ZURICH (AP) — International Ice Hockey Federation president Rene Fasel remains committed to holding the world championships in Belarus despite saying his recent meeting with authoritarian leader Alexander Lukashenko was “a bit embarrassing for me.”
The worlds are scheduled to be co-hosted by Belarus and Latvia in May-June. Latvia, however, has urged the IIHF to let it co-host with a different country because of Belarus’ crackdown on opposition groups in the country.
Fasel held talks with Lukashenko on Monday, drawing criticism from the opposition when he was pictured embracing the Belarusian president.
“If we made the impression that it was a just a friendly meeting, this is not accurate and was not our intention,” Fasel said in a statement published Wednesday on the IIHF website. “This meeting was taken in a serious tone and with the IIHF bringing specific and difficult questions to the table.”
On Tuesday, Fasel told Swiss broadcaster SRF that the meeting “went a bit wrong and is also a bit embarrassing for me,” referring to the attention given to the pictures of him embracing Lukashenko.
Fasel said the IIHF wants to keep Belarus and Latvia as co-hosts and isn’t considering alternative bids from Denmark and Slovakia. Fasel argued the tournament could build bridges between Lukashenko and the opposition. He added that the government had told the IIHF it would hold talks.
“We are not naive to think that hosting a world championship in Minsk will solve all problems in the country, but that does not mean we cannot explore whether the IIHF can use some degree of influence to initiate positive change in the country’s future,” Fasel said.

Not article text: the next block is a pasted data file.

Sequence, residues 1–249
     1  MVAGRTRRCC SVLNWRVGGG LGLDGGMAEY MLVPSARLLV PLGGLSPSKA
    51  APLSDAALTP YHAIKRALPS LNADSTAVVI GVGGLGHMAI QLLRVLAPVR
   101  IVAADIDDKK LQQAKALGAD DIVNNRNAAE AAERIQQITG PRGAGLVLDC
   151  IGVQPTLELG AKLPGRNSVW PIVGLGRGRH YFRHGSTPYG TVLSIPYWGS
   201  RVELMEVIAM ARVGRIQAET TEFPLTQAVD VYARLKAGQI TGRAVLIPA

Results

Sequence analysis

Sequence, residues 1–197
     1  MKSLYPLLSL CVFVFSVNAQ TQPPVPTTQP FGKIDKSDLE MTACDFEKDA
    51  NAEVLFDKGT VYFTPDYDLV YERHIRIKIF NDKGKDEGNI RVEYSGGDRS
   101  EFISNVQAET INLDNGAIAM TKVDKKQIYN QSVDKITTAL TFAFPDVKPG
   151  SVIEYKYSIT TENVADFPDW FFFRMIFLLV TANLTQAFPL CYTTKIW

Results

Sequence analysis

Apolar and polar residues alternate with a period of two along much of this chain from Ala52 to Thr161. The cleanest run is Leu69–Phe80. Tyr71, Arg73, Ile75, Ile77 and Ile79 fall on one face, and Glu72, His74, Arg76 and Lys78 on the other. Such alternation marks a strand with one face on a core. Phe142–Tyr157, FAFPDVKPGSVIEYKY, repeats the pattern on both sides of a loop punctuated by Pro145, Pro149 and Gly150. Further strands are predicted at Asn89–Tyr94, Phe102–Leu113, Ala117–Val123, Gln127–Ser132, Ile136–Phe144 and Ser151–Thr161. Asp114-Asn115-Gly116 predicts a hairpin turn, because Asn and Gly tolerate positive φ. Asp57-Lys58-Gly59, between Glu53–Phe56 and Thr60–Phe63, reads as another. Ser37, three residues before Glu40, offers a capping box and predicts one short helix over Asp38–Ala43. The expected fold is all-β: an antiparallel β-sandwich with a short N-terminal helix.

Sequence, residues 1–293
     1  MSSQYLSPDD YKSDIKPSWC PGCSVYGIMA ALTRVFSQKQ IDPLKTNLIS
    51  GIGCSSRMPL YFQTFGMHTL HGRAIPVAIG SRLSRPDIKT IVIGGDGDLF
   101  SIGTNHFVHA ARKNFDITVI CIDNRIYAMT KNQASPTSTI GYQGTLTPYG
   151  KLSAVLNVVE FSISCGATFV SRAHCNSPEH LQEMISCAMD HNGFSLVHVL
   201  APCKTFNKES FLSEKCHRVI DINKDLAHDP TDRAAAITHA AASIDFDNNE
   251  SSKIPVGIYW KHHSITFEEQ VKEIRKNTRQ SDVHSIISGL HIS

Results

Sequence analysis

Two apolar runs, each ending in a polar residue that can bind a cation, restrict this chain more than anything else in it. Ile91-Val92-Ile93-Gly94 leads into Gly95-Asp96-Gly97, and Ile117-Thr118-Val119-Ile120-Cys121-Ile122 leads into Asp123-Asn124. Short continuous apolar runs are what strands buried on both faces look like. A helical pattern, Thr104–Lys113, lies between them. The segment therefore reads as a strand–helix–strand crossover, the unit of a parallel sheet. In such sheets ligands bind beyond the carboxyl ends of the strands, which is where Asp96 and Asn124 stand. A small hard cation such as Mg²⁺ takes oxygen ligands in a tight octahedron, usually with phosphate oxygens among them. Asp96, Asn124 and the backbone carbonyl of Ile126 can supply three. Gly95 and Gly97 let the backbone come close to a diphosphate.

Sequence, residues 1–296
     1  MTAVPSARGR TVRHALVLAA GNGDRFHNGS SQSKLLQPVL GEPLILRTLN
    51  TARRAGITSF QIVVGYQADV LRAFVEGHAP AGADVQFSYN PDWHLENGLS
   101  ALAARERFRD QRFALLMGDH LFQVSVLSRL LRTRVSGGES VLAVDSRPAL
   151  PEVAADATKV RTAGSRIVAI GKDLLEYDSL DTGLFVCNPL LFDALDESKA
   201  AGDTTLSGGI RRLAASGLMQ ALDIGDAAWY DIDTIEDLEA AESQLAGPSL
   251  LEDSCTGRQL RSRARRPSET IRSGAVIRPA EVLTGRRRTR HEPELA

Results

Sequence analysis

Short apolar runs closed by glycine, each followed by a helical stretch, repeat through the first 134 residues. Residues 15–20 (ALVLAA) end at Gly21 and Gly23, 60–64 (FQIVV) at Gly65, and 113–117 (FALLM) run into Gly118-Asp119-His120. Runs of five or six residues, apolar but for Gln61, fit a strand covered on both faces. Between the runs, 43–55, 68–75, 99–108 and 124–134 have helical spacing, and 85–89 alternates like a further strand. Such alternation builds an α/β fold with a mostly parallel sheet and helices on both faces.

Fasel said he had not spoken with the Belarus opposition but was “ready for dialogue.”
While speaking about the hockey world championships on Tuesday, Lukashenko said there would be limits to any talks.
“We are prepared to talk with any honest people, including with the opposition, but not with traitors,” he said.
Lukashenko has argued that Belarus should get sole hosting rights for the tournament if Latvia no longer wants to co-host.
Mass protests swept Belarus, a former Soviet nation of 9.5 million people, after official results from the presidential election on Aug. 9 gave Lukashenko a landslide victory over his widely popular opponent, Sviatlana Tsikhanouskaya. She and her supporters refused to recognize the result, saying the vote was riddled with fraud.
“Fasel is shaking hands and hugging with the dictator,” Tsikhanouskaya wrote on Twitter on Monday.
Authorities have cracked down hard on the largely peaceful demonstrations, the biggest of which attracted up to 200,000 people. Police have used stun grenades, tear gas and truncheons to disperse the rallies.
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